Half Hearted Hero - Running Water
Release Date: April 5, 2011
Record Label: Animal Style Records
Describing a pop punk band as "refreshing" or "unique" is something that's done with way too much frequency. As someone who reviews a lot of albums in the genre, I admit to being guilty of throwing those descriptions around too much, of being too loose at times with what I consider to be unique. Despite that, I am sure of this: there aren't many bands right now that are making music like Half Hearted Hero.
It's easy enough to classify the New Bedford, Mass., natives as a pop-punk band that leans toward the punk end of the spectrum, but that doesn't really do the band's sound justice. On Running Water, the group's first release for the upcoming Animal Style Records, Half Hearted Hero present us with six abrasive, honest and purely passionate tracks. The six songs take their time, coming in at a hearty 24 minutes - almost as long as some full-length records these days.
Running Water ranges from a raw pop punk sound to something much deeper than that. Similar to bands like Transit and Fireworks, Half Hearted Hero has the ability to take things a notch further. They use their talents in a way that stretches the boundaries of a usually somewhat limited genre. Yeah, they give you the hook to draw you in, but they aren't afraid to swing for the fences and bust out with an epic, brilliantly composed instrumental part.
The five-piece aren't concerned about being all that accessible or appealing to fans of the poppier side of the genre. They're more likely to appeal to punk fans and those who are willing to take the time to appreciate a band doing something unique just because they want to. Opener "Five Points" gives us a violin intro that leads into a blunt guitar hook. The technicality present in Clinton Lisboa and A.J. Mills' guitar work is something that is impossible to ignore, easily intriguing new listeners right from the beginning.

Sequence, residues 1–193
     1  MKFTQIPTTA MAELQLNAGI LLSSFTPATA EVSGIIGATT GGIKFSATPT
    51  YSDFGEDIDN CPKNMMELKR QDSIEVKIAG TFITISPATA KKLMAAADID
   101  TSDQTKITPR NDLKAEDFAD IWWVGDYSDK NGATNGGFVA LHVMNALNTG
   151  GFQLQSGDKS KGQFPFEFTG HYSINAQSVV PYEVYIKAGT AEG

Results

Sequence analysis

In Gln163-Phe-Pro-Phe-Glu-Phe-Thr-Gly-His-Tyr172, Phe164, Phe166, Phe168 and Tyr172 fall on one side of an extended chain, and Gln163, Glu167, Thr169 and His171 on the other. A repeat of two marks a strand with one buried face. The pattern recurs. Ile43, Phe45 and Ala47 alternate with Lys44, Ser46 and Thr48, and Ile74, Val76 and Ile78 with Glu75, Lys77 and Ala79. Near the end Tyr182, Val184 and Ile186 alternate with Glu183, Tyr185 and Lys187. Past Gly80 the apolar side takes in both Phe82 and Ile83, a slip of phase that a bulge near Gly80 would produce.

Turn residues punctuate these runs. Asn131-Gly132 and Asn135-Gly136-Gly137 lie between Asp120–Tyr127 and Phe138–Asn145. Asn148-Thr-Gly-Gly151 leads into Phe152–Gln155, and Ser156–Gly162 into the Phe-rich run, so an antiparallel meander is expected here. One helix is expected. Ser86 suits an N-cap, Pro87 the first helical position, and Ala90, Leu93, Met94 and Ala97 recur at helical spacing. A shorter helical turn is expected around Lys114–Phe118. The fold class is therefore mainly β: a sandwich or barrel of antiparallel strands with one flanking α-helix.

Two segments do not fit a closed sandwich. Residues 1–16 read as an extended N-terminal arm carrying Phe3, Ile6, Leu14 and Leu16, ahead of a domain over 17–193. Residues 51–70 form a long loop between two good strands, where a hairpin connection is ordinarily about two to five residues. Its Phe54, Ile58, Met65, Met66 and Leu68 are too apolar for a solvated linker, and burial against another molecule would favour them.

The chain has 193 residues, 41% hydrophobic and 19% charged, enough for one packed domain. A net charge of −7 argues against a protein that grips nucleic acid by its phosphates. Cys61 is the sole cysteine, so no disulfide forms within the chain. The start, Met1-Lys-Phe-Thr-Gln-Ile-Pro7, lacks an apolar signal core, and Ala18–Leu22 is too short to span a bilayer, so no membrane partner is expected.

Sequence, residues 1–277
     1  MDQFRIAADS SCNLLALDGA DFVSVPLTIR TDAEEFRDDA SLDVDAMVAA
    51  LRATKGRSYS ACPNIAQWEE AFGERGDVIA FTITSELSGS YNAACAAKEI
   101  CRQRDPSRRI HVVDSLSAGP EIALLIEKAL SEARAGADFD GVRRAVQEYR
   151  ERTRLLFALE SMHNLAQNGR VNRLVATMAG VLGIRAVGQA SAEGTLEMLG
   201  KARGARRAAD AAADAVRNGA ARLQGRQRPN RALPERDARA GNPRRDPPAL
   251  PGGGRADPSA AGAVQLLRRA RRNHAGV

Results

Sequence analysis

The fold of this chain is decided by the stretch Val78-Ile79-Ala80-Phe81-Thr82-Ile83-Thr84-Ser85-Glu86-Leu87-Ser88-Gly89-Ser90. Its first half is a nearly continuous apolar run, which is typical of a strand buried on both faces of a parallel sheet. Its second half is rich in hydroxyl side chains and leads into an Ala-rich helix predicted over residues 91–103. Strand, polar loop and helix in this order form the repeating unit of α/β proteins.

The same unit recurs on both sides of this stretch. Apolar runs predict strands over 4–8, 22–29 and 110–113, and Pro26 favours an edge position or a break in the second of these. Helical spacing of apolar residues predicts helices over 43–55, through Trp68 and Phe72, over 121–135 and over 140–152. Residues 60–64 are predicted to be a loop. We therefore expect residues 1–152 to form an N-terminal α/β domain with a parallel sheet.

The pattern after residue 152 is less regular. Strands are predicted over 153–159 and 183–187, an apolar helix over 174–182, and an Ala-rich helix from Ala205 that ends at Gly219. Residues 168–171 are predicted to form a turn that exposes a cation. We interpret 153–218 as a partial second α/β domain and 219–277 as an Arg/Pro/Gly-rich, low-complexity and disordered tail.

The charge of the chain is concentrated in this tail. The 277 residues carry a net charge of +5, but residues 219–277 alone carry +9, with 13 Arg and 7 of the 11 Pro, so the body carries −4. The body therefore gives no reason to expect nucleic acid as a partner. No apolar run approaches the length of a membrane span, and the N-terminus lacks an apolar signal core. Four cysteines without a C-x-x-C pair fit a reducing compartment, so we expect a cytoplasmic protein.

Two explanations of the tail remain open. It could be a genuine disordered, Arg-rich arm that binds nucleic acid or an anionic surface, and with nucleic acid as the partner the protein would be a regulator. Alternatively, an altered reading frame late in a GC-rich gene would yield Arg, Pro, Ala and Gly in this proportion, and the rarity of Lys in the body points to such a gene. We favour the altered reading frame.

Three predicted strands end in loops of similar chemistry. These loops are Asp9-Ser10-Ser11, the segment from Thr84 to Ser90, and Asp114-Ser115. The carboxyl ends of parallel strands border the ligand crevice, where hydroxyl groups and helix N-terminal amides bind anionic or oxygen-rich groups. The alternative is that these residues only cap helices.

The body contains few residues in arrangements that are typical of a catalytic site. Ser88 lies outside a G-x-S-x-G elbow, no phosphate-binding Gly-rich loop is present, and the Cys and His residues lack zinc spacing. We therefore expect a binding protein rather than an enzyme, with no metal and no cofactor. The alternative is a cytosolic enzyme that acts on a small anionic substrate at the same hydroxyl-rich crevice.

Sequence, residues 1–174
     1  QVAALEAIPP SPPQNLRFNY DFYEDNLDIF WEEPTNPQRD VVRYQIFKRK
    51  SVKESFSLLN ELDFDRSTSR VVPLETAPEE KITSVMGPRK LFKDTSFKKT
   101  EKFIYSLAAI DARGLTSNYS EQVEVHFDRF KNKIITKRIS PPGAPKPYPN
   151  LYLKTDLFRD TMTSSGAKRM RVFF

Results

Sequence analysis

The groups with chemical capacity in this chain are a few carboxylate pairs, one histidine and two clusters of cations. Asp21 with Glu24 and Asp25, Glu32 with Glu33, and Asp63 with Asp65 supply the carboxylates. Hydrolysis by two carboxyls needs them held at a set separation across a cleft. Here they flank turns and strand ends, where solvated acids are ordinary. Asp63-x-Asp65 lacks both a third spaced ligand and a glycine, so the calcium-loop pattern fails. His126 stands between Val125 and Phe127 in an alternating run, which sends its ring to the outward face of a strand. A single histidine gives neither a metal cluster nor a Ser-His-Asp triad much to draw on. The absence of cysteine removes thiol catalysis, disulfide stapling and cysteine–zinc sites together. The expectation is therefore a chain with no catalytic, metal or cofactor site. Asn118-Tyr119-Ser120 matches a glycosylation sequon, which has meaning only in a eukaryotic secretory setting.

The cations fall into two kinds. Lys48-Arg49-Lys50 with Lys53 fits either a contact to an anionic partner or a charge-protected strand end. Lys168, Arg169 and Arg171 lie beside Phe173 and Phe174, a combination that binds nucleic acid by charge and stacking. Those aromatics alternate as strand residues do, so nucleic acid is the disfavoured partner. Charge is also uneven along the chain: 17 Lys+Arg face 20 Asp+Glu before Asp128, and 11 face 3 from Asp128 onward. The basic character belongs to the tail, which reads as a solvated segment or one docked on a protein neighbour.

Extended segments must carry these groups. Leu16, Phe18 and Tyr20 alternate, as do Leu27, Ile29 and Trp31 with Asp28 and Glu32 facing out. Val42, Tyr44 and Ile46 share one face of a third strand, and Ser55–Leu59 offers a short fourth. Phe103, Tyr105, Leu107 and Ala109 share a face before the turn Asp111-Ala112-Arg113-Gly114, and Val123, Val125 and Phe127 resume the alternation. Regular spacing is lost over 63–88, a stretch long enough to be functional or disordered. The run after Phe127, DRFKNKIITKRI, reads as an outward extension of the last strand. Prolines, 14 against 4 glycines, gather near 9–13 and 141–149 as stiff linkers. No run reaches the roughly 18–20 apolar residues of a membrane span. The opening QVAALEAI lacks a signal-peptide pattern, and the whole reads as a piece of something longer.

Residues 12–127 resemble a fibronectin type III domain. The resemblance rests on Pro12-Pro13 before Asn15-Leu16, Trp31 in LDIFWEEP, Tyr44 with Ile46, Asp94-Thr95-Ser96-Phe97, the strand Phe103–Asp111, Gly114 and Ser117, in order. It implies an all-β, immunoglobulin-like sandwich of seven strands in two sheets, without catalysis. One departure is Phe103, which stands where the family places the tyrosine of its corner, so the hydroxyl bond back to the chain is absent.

A little more than halfway into the track, Anthony Savino's vocals cut out for a while to let the guitars and the relentless rhythm section of Meyer Brown's bass and Ian Legge's drums do the talking. After a head-banging instrumental part, Savino's rough vocals slide back in as he belts out, "Is this my nature / Have I a greater cause?"
So what we've got on our hands here, reader, is not only a pop punk group that's not afraid to step out of the box, but an intelligent and thoughtful group at that. These guys don't jip you on the lyrics like some groups in the genre do; found here will be no cliches, no ramblings and no filler prose. Just heartfelt lyricism that never beats around the bush, but instead dives right in. "Periphery" and "The Wheels" feature the best hooks on the EP, and Savino's lyrics again become a focal point. You can almost see him screaming, "You'll never be alone / Unless you have your doubts," right in your face on the former.
Half Hearted Hero sort of eases listeners into its most extravagant attempts on Running Water. "Periphery" has a cool, ambience-centric guitar part towards the end that paces Savino's vocals, while "The Wheels" features Brown's backup vocals making an impactful appearance. As the song seemingly ends, we're treated to a fantastic acoustic guitar-centered instrumental portion that leads into standout "Mirrors."